Friday, 14 February 2014

Waiting for my flock ...

For the fourth time in two years, I am once again in Belfast with a group interested in learning about the peace and reconciliation process in Northern Ireland. This time, however, I am alone, waiting for my group to arrive this afternoon. There have been many times in the past six months when I thought this moment would not arrive – that in fact my dream of building relationships between Dalhousie University and the Corrymeela Peace and Reconciliation Centre in Ballycastle, Northern Ireland, where I spent three months while on sabbatical in the summer of 2011, might have run its course.

In fact, this trip should probably not be happening ... from a slow start last fall as we struggled to find enough participants to make it a go, to fundraising challenges, to my own personal health concerns and major surgery in December, to flight cancellations and snow storms, the odds have been against this trip happening. But ... it is.

As I write this, I am watching the Olympics on BBC in a Belfast Hotel – waiting for my flock to arrive this afternoon. I booked my flight later than everyone else because of the very real possibility that I might not be able to travel with the group this year, so I was on a different flight than the others (the one that got cancelled on Wednesday!) I did finally get out, being re-routed on a different airline. Although hard on my psyche – being separated from the group, and of course giving up total control over everything – it has been good for my body to get a head start on acclimatizing to the new time zone.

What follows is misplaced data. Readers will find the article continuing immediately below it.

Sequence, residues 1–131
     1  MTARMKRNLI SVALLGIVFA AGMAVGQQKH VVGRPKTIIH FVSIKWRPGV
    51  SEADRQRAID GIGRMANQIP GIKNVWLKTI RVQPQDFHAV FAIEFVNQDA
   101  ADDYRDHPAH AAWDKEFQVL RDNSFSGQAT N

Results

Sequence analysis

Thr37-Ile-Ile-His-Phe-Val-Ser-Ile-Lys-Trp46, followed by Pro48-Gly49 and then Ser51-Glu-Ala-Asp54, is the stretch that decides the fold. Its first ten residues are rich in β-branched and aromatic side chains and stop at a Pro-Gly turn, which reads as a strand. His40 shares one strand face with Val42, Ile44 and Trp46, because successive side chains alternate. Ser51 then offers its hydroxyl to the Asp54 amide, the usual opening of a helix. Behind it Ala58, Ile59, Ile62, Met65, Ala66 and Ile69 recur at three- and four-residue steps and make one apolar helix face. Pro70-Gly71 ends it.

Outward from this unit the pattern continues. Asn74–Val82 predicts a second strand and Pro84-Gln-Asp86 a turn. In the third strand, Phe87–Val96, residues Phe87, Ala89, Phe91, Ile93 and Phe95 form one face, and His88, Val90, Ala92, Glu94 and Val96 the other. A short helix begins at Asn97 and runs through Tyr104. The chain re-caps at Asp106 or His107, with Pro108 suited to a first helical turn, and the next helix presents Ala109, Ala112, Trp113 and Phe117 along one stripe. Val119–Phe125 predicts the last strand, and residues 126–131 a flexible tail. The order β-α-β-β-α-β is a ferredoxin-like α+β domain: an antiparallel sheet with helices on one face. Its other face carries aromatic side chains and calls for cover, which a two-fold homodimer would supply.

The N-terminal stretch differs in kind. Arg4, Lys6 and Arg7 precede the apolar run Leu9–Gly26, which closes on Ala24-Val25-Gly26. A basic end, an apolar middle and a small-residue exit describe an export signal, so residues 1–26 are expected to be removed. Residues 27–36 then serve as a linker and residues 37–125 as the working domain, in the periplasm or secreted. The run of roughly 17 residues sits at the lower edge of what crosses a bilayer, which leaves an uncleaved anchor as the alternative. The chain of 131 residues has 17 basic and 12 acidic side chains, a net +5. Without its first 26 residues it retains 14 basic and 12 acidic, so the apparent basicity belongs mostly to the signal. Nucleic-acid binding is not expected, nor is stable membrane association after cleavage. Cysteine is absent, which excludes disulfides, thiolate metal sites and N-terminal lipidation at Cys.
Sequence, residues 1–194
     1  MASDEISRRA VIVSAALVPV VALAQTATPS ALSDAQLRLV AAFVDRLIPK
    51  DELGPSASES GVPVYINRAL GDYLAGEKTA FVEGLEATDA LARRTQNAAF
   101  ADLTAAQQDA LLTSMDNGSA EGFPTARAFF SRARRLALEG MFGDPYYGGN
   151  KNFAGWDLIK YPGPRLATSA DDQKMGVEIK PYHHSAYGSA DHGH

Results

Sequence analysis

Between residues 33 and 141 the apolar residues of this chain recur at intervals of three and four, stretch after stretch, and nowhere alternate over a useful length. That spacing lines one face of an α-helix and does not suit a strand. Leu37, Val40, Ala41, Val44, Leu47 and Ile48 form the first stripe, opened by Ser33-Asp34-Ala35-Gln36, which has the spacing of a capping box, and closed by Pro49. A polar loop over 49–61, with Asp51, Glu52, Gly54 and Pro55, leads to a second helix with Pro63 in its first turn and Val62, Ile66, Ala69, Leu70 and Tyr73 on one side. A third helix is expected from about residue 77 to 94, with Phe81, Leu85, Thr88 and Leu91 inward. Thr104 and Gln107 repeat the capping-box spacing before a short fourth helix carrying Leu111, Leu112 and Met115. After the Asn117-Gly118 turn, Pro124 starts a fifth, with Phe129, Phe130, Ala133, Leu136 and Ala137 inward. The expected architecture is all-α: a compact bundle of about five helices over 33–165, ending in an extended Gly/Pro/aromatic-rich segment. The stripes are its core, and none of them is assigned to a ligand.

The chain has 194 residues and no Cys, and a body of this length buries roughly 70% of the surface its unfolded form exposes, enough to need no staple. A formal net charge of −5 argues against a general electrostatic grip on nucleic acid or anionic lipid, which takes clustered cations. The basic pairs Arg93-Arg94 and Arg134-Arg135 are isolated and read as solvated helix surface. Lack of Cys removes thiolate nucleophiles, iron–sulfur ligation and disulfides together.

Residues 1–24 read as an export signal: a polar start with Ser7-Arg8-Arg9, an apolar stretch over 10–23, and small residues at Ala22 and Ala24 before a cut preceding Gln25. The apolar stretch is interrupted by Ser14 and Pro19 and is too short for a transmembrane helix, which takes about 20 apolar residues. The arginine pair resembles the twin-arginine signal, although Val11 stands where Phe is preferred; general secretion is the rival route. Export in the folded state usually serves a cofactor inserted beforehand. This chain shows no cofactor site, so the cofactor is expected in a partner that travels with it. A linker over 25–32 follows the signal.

Despite our challenges this year we’ve also had many joys and moments to celebrate – a wonderfully keen group of seven Dalhousie students and one Dal alumna who have come together and worked hard as a team doing fundraising and educational activities for six months, a great visit to Halifax two weeks ago from Paul Hutchinson, former Centre Director of Corrymeela, and an amazing team of folks who supported the group during my recovery period. There are many people behind us - family, friends and colleagues – who have kept things moving forward when things got tough.

And so the journey begins again – and this time, the Canadians may even commandeer a local pub in Belfast for the Gold Medal Olympic Game (assuming, of course , that ... well, you know ...)  ... perhaps a study in itself of peace and reconciliation. Below is the group at the Halifax airport, ready to go – from the back, Bridget Graham, Claire Chilelli, Kendra Wilcox, Adrian Lacson; middle, Alana Martin, Marisha Pluta; front, Brennan Low and Daniel Whitten.



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